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(CNN) —  

A day after organizers said 2 million Hong Kongers took to the streets to march against an extradition bill with China, one of the city’s pro-democracy icons has been released from prison.

Joshua Wong walked free Monday after serving one month of a two month sentence related to protests in 2014.

“It’s really good timing to join the fight for freedom and democracy,” he told CNN after his release. “Five years ago after the end of the Umbrella Movement, we claimed we would be back. Yesterday 2 million people came to the streets … it shows Hong Kong people realize this is a long term battle.”

Wong echoed protesters’ calls for the city’s Beijing-backed leader to resign.

“Why did Carrie Lam need to wait to suspend the bill until 1 million people came to the streets, it’s because she’s not elected by the people of Hong Kong,” he said. “It’s time for her to step down.”

Wong added that he thought Beijing too must be looking at the chaos in Hong Kong – amid the US-China trade war and other headaches for President Xi Jinping – and wondering about Lam’s future.

“Hong Kong is just a small international city with seven million citizens, but two million people came to the streets, it shows that we have the consensus,” he said. “She has to end her political career.”

Wong predicted that if the bill is not fully withdrawn and key officials resign, then protests could continue, particularly on July 1, the anniversary of the city’s handover from British to Chinese rule and a key annual date for pro-democracy marches.

One of Wong’s first actions Monday was to pay his respects at a memorial in Admiralty, near the main site of the protests, where a man fell to his death Saturday after climbing a shopping mall and displaying signs calling for the withdrawal of the extradition bill.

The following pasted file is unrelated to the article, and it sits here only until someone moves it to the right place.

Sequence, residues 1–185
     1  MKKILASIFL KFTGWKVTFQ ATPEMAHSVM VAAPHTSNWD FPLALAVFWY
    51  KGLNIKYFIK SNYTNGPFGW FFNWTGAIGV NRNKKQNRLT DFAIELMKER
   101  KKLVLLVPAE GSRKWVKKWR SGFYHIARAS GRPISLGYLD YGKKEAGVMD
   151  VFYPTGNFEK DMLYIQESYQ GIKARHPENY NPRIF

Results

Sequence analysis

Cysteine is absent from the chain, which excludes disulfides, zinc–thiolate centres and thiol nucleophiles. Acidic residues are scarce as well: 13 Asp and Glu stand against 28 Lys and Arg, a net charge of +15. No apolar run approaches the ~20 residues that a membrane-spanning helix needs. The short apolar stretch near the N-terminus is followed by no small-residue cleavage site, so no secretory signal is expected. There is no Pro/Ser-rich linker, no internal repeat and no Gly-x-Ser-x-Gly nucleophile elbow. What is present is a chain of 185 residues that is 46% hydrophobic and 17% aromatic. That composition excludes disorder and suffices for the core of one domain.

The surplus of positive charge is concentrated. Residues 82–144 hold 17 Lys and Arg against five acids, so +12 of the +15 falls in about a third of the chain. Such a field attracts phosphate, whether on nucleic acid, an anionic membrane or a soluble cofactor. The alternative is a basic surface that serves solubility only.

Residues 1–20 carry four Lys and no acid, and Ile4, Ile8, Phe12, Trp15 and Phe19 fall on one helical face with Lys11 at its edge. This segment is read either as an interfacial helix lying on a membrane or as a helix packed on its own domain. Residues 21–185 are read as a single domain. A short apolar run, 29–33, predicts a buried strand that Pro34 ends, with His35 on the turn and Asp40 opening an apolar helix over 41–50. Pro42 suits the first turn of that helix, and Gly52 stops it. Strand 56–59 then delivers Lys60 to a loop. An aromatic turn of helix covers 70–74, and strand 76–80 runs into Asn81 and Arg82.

Hong Kong pro-democracy activist Joshua Wong (left), who was just released from jail, walks past flower tributes at a makeshift memorial site for a protester who fell to his death while hanging banners against a controversial extradition law proposal on June 15, in Hong Kong on June 17, 2019.
Hong Kong pro-democracy activist Joshua Wong (left), who was just released from jail, walks past flower tributes at a makeshift memorial site for a protester who fell to his death while hanging banners against a controversial extradition law proposal on June 15, in Hong Kong on June 17, 2019.
PHOTO: DALE DE LA REY/AFP/AFP/Getty Images

Wong’s political party, Demosisto, has been among several youth groups – all of which have their roots in the 2014 Umbrella Movement – playing a big role in the protests against the extradition bill, which have been ongoing for weeks.

In a statement Saturday after Lam said she was suspending passage of the controversial bill. Demosisto said Hong Kongers should “demand that the bill be shelved for good, stand against political prosecution of protesters, condemn police brutality, and call for Lam’s resignation.”

“That Lam continues to blame the bill’s widespread opposition as a result of Hong Kongers’ misunderstanding of it is also condescending,” Demosisto said Saturday. “Our movement may have won a battle, but the war is not yet over. We urge the international community not to turn away.”

Wong appeared cognizant of that community in his statements Monday, speaking in Cantonese, English and Mandarin. He also thanked supporters in Taiwan, where the Hong Kong protests have become a major issue in the island’s presidential election, creating yet another headache for Beijing.

Born in 1996, eight months before control of Hong Kong was handed over from the UK to China, Wong has spent most of his adolescence and all of his early adulthood fighting for the city’s rights against what he and others say is increasing encroachment by Beijing.

A student leader during 2014’s Occupy protests – which called for universal suffrage in Hong Kong – Wong became something of an international figurehead for the movement, and even appeared on the cover of Time magazine. His role in the protests later became the subject of the 2017 Netflix documentary, “Teenager vs. Superpower.”